He told The Herald-Dispatch editorial board that a new centralized budgeting model would allow for better fiscal management, simplified fees for students and the creation of a faculty and staff compensation pool.
Failure to act, he said, could eventually lead to an operating deficit.
During the overnight hours of April 15-16, nearly all the funds in the departmental accounts were swept into a central holding account so the administration and chief financial officer could analyze revenues and expenses. Kopp informed employees through an email, which he now says he won't try to defend.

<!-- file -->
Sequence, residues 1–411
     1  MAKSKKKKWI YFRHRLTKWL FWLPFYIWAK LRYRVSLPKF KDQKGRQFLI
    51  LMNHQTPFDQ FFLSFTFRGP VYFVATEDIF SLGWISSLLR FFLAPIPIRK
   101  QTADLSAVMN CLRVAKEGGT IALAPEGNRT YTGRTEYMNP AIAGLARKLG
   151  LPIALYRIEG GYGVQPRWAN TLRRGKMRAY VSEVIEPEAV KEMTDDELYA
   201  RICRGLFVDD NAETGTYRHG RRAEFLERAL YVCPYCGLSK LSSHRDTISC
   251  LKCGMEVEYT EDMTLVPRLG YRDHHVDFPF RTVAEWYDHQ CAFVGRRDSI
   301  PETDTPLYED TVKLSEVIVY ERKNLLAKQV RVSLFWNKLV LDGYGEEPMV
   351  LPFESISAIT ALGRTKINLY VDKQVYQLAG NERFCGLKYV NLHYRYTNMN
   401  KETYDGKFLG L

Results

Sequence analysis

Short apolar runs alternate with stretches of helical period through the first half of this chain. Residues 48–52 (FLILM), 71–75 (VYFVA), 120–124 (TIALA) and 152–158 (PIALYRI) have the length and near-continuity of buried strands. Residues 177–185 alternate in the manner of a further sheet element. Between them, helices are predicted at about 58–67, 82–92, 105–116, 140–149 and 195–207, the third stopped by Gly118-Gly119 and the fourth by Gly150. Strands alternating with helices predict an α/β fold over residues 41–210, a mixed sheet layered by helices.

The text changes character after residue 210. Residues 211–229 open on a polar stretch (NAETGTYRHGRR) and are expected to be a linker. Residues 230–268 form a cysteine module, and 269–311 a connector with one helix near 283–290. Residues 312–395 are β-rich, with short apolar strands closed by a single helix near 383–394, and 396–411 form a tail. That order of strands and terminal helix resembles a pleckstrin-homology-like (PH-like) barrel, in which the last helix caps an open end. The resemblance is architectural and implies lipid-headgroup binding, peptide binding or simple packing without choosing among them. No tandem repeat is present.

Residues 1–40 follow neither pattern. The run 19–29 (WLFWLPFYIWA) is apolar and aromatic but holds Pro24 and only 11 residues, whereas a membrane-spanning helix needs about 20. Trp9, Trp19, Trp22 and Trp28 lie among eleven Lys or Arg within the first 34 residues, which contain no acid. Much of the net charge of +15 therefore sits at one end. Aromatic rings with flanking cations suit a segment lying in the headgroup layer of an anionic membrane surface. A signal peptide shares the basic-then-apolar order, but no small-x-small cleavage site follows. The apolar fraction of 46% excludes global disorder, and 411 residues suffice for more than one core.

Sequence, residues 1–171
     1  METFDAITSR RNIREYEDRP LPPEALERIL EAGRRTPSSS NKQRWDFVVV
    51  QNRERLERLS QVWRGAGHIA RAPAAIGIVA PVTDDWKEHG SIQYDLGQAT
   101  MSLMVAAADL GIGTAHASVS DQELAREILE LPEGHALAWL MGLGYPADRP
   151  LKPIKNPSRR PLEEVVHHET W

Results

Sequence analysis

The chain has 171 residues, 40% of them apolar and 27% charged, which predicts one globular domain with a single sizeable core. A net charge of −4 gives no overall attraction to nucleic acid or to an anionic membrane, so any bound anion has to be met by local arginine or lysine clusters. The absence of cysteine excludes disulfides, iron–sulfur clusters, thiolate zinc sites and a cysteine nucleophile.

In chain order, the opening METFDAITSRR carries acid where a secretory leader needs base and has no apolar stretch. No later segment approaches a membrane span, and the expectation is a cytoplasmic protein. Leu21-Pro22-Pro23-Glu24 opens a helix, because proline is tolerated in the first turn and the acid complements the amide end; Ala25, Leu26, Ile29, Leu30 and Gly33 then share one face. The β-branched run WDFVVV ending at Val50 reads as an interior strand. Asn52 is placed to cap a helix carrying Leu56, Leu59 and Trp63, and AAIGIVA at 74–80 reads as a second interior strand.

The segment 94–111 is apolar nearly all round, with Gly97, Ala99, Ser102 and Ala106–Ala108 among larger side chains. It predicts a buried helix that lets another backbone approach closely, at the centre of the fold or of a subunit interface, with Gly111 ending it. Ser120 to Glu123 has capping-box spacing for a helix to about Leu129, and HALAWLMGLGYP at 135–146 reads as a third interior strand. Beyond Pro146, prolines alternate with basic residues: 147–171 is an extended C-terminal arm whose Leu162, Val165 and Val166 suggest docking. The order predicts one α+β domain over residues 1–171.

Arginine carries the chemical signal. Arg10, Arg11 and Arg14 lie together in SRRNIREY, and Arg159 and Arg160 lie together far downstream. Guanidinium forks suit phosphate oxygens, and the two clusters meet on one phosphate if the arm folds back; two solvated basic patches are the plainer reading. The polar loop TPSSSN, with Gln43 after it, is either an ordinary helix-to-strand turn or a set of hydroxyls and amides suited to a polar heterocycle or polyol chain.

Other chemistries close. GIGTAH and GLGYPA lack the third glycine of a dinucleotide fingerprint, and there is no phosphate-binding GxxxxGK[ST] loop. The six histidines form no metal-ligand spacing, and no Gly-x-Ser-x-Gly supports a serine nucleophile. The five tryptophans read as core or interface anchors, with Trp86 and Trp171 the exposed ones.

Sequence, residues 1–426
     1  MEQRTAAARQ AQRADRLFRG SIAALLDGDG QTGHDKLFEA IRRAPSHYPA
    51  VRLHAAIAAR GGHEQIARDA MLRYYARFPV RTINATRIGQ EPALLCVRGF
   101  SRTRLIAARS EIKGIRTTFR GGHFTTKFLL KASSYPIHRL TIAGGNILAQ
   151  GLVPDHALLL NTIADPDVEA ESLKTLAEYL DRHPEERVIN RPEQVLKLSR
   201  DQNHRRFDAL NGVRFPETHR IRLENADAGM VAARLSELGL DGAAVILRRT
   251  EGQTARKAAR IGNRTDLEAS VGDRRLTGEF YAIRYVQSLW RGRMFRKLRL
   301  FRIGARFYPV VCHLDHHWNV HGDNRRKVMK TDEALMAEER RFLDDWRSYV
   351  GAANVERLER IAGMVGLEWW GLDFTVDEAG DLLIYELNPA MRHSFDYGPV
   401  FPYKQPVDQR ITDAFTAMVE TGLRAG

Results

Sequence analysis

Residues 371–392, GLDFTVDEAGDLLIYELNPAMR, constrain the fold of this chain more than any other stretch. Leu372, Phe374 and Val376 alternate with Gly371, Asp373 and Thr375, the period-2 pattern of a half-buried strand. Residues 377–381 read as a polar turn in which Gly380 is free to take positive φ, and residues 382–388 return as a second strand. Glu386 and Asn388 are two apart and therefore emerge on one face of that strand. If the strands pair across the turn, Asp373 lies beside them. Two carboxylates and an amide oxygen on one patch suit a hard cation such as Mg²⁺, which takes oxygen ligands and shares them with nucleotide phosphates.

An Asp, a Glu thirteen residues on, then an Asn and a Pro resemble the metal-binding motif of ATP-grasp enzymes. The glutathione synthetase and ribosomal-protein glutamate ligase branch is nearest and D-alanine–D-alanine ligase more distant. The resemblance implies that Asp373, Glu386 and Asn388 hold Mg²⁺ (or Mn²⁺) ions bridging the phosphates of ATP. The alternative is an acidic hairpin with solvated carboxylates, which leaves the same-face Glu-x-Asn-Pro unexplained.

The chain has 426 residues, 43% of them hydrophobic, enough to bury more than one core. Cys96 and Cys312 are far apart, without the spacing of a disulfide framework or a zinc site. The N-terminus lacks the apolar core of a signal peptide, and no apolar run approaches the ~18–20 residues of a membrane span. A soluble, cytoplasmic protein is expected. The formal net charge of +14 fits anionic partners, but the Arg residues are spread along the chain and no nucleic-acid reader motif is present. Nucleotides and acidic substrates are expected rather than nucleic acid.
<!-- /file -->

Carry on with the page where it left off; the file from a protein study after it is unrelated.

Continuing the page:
"In retrospect, it was not the right approach and I regret that," he said. "People were insulted with the technique. ... It was culturally insensitive to our university community."
Kopp said the money is still accessible to the departments.
"We just want to know what you are spending it on," he said.
But Mulder calls it "an enormous kind of change, which really deserves transparent discussion and communication among all parties."
"It may turn out that it is best for the university to do exactly what they are talking about, but I don't think so," she said. "They haven't told us how it will be better."